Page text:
99.5 per cent of Primary 6 pupils sat PSLE, including some on quarantine orders: Exam board

Students leaving Tao Nan School after their exams on the last day of PSLE, on Oct 6, 2021.
Students leaving Tao Nan School after their exams on the last day of PSLE, on Oct 6, 2021.ST PHOTO: GIN TAY

SINGAPORE - Some 360 to 620 pupils who were on quarantine orders (QO) took the PSLE on each of the four main days of examination.

This worked out to 0.9 per cent to 1.6 per cent of the 39,300 pupils sitting the PSLE this year, said the Singapore Examinations and Assessment Board (SEAB) in response to queries from The Straits Times.

The exams ended on Wednesday (Oct 6).

Altogether, 99.5 per cent of pupils in Primary 6 this year sat the PSLE.

To be able to do so, pupils on quarantine orders had to have a negative result for Covid-19 on both a polymerase chain reaction (PCR) test, which takes 24 hours to process, and an antigen rapid test (ART).

The earliest a candidate could sit a PSLE paper was generally within two days of being served a quarantine order.

In addition to those allowed leave from quarantine, about 500 to 950 schoolgoers who were on leave of absence, approved absence and medical leave for acute respiratory infections took the examination as well.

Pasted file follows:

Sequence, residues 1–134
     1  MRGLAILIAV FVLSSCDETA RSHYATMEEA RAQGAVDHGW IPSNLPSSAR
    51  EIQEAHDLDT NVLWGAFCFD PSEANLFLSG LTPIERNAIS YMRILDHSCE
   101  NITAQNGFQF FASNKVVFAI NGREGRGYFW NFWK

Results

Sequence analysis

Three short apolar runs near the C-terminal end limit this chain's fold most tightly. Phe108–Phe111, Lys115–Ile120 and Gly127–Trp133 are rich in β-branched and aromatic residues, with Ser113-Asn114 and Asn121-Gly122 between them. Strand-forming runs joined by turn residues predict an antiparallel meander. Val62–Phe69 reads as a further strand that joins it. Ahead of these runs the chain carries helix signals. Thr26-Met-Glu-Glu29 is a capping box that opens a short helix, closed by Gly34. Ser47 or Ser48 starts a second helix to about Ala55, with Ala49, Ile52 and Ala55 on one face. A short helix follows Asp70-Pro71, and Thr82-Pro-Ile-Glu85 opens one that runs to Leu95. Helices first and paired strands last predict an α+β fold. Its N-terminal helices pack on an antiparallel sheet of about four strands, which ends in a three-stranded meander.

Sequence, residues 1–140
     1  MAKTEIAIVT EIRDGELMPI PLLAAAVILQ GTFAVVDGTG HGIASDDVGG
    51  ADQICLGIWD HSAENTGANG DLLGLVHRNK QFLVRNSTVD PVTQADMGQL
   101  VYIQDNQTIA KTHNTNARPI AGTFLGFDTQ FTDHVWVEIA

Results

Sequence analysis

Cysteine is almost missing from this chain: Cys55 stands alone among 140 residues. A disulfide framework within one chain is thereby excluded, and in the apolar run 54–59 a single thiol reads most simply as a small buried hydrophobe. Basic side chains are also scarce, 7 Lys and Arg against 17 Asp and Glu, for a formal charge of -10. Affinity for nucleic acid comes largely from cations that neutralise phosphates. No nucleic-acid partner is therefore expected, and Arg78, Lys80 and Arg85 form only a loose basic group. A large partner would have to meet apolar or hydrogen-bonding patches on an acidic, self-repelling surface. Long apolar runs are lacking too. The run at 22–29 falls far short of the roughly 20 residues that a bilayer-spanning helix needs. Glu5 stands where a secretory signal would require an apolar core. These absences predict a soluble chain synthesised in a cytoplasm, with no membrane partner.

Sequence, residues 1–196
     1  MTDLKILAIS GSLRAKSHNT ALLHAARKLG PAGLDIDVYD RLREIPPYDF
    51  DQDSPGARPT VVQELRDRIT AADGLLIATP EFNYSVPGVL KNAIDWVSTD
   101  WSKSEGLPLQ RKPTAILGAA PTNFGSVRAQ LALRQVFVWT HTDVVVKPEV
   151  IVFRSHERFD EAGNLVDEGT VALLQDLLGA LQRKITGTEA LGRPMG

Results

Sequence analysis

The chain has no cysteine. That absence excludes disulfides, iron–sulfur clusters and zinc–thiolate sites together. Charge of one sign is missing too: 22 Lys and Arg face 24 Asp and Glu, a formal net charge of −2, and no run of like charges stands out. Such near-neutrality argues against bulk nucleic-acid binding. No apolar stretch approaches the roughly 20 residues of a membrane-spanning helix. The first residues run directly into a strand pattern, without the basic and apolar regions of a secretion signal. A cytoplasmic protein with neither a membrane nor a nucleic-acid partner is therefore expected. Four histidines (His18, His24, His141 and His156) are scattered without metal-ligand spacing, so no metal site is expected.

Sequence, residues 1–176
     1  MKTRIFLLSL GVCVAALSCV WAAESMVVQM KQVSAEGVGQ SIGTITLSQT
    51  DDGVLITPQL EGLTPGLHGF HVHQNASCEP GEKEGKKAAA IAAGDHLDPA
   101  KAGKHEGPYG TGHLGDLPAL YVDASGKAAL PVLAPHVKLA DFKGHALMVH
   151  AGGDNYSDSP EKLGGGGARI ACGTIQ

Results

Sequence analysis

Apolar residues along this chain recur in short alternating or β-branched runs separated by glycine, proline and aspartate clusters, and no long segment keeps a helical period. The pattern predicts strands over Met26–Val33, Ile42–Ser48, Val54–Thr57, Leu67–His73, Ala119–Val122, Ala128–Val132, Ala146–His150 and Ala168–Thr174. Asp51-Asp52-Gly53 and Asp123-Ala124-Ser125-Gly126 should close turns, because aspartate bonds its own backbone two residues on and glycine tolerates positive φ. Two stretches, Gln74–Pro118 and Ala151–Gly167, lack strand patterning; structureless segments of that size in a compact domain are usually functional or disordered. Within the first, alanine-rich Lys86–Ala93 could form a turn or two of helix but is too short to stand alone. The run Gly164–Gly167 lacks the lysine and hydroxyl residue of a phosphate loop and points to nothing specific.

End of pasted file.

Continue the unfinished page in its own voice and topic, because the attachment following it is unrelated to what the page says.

They made up between 1.3 per cent and 2.4 per cent of the cohort.

Meanwhile, about 21,600 students took the N and O-level examinations on Monday and Tuesday.

The overall average attendance rate over the two days was about 98 per cent, said SEAB.

About 60 students present each day were on leave from quarantine orders, and another 170 had been given absences because of acute respiratory infections.

"The necessary safe management measures were strictly adhered to in schools, to ensure the safe conduct of the examinations for all students and staff," added SEAB.

Students given leave to take the examinations were subject to stringent criteria beyond the testing requirements.

They had to arrive at the exam venue by foot or private transport, and could not stop along the way. Parents could accompany their child only if they, too, had tested negative on both a PCR and an ART test.

Schools had to be told if a student was taking a particular paper so they could prepare the exam venue.

This included having a separate room for quarantined candidates, increased distance between seats, designated entry and exit points and restrooms, as well as a start time 30 minutes after that for the rest of their cohort.

The Straits Times reported on Sept 29 that many parents of PSLE pupils taking the PSLE had expressed confusion and frustration about Covid-19 protocols and the impact on their children.

The Ministry of Education said that special consideration would be given to children who missed national exam papers because of quarantine.

Such a candidate will be awarded a projected grade for a particular paper that takes into consideration multiple sources of data. These include the child's performance in other papers for that subject and the school cohort's performance in national and school-based exams.